Like patriotism, food preference grows from the land where you grew up and the people who raised you. It is what you know and what you are comfortable with.

Southern food is divided by region, by class, by race. The food of Louisiana is sui generis. The menus of South Carolina plantations were more upscale than on the small farm holdings in Piedmont North Carolina or Virginia. The hardscrabble diet of the Blue Ridge Mountains is something else again.

Yet, there is a certain overlap. Soul food and Southern cooking emphasize different aspects of the cuisine but share more than they don’t. Cooked greens, side meat, cornbread — these are the common denominators.

The original of both was humble — pronounced “umble” without the “h.” It was food grown on family farms, from hogs slaughtered on a frosty morn and made into sausage and head cheese.

greenfields mealThere is nothing fancy about it. I remember once a friend visited from New York, where he was an investment lawyer. We took him to Shatley Springs in Ashe County, N.C., where they serve family-style meals with piles of fried chicken, country ham, boiled greens, scraped corn, hot biscuits, mashed potatoes and gravy so thick a knife can stand upright in it, served with little dishes of corn relish and pickled beets and washed down with sweet tea.

“I loved it,” he said later. “Especially the chicken sauce.” Chicken sauce! We all laughed good over that one.sally lunn bread

There is an upscale Southern cooking. It comes from plantations and includes such things as peanut soup and Sally Lunn bread and Lane cake.

But for me, the best is the down-and-dirty recipes that came through grandmothers and aunts. Foods so primal there aren’t even recipes for them, like the dog bread I came to love — a form of cornbread so basic its ingredients might as well be earth, wind and fire. I first ate it in Halifax County, among the cotton fields and abandoned tractors, pickup trucks and windbreaks of oak trees. I asked how to make it.

“First, you mix up a mess of cornmeal,” she said. No half-cup of this, or 6 ounces of that. Just mix up a mess.

That’s white stone-ground cornmeal, if you are brave enough to try this, with salt and enough water to make a thick batter or thin dough.

In a black-iron fry pan, you melt some bacon grease or the renderings from streak-o’-fat-streak-o’-lean and heat it up till it sputters at you. Dump in the cornmeal and stick it in the oven till it’s done. Can’t tell you how long. It depends.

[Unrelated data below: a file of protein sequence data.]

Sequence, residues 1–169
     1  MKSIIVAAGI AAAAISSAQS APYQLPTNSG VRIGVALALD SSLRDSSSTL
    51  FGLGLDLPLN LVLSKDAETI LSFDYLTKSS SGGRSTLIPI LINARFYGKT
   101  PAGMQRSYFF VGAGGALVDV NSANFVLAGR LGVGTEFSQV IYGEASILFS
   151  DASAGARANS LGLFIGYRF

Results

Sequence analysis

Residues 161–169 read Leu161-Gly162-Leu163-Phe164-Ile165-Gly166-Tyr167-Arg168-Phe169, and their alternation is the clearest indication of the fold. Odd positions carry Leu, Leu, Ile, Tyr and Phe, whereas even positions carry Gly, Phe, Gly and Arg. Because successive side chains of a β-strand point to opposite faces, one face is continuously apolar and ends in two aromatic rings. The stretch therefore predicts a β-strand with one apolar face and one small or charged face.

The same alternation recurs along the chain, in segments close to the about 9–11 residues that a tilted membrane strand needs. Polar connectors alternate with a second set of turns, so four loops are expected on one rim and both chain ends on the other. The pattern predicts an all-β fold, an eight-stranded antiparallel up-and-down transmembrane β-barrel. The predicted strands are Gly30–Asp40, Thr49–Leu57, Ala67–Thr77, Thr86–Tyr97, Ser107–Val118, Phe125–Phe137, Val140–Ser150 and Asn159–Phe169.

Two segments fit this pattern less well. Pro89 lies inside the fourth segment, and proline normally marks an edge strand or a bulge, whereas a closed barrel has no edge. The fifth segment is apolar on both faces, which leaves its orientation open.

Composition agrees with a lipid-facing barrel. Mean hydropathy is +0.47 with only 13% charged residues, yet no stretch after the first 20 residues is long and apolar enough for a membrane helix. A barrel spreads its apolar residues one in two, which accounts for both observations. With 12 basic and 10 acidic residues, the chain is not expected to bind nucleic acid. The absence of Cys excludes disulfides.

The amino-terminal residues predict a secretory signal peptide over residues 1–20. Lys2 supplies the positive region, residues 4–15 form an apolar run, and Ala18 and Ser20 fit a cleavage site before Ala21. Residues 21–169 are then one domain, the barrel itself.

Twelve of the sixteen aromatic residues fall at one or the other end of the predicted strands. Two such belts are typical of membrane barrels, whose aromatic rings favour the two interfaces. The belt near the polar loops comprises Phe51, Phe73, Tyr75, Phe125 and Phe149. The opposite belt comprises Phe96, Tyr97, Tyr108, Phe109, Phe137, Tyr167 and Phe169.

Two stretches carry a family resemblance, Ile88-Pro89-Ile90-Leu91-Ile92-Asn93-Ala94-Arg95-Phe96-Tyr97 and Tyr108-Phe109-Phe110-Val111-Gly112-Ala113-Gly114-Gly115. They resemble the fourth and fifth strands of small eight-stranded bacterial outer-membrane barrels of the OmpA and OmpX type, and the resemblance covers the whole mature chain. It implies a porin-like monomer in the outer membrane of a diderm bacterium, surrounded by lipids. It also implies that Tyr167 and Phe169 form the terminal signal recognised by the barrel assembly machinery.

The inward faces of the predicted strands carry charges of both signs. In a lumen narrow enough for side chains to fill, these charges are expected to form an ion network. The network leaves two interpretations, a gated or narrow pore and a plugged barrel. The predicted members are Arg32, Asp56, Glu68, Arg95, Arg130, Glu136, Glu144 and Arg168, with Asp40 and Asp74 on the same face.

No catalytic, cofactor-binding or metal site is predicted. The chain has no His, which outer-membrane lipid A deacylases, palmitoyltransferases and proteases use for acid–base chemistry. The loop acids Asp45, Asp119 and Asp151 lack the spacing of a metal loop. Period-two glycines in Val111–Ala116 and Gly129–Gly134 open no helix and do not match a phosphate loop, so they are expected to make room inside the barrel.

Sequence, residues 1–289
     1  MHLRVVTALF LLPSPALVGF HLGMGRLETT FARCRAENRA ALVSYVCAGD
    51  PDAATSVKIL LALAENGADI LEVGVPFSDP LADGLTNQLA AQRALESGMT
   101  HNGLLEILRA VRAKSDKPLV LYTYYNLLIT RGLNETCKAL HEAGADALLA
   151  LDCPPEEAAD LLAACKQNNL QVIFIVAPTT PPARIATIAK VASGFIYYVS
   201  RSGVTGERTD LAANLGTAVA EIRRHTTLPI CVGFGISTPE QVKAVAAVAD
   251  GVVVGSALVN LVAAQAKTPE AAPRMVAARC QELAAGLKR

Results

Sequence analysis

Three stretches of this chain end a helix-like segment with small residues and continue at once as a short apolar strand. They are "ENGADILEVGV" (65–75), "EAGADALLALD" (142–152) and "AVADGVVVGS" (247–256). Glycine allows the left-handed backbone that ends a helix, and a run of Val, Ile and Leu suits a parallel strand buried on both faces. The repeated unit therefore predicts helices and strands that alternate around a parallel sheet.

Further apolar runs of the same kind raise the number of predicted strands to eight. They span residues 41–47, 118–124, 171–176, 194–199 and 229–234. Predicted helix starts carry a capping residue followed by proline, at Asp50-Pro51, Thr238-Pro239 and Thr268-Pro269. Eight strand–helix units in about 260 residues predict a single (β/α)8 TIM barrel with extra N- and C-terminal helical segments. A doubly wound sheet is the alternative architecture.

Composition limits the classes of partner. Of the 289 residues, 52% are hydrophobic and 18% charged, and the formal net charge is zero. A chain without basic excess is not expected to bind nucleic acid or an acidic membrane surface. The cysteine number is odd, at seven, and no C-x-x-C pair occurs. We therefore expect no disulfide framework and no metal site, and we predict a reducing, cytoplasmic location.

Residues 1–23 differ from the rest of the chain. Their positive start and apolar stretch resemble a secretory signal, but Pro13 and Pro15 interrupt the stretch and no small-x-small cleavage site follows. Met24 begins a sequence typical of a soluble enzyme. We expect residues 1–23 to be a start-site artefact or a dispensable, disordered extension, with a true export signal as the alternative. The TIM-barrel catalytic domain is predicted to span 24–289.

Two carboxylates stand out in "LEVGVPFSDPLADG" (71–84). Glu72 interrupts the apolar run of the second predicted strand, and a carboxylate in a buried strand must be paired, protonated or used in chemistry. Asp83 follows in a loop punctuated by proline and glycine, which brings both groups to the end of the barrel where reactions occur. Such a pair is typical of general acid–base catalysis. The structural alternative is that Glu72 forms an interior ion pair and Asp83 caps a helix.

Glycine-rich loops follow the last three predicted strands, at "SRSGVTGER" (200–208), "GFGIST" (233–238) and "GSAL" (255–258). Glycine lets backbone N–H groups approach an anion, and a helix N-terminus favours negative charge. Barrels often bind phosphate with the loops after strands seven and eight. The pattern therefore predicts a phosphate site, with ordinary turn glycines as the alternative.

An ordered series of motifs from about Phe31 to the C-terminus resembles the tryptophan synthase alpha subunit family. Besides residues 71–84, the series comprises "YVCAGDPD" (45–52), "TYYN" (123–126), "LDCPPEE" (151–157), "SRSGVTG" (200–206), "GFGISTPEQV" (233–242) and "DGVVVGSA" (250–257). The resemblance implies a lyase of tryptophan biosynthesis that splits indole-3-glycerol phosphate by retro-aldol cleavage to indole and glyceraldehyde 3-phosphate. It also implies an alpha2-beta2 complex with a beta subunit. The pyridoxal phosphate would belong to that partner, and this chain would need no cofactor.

When it comes out, it is heavy as a transuranium element, with a thick, dark undercrust that makes it all worthwhile.

Cut it into wedges and use it to soak up your “pot likker” or your sop.

THE SEVEN KEYS

There are seven defining ingredients in Southern cooking. From Virginia through Alabama and out towards eastern Texas, these are the comestibles essential for your pantry. hog snout

Pigmeat

The hog is Providence’s gift to the Southern belly. Pork is central to so much that defines the cuisine, from barbecue to country ham to the many varieties of bacon — side meat, fatback, not to mention bacon grease. Nothing seasons pintos like ham hocks. “The hog seasons everything that isn’t him,” said one Southern cook. Pigmeat also defines the McCoy-Hatfield divisions between those who soak their ham before cooking and eating it and those who cherish the crust of salt that develops as they fry their slice of unsoaked country ham in a black-iron frying pan. Special mention should be made of liver mush, which is to North Carolina what scrapple is to Philadelphia.fried chicken

Fried chicken

There is almost no controversy over fried chicken. It defines White Southerners and Black Southerners, upper-crust and redneck. Fried chicken, slowly cooked in a black-iron frying pan till it’s brown and crusty on the outside and hot and juicy on the inside, is the very badge of Southern regional pride.biscuits

Hot breads

You don’t find a lot of yeast breads, but baking-powder breads are all over. Biscuit dough can be baked into biscuits, buttered, covered in jam or jelly with dinner, or split in two and slathered with gravy for breakfast. It can also be dropped into boiling stock with cooked chicken to make dumplings. On the other side, cornbread can be baked in a sizzling-hot frying pan or in a black-iron form to make cornpone, or dropped into hot fat to make hush puppies, or, what may be the best, cornbread cakes, which are cornmeal pancakes, buttered and served in a stack with your pintos. You can’t beat a meal of fried fish, caught yourself, with new potatoes and scallions, eaten with a helping of cornbread crumbled into buttermilk.collards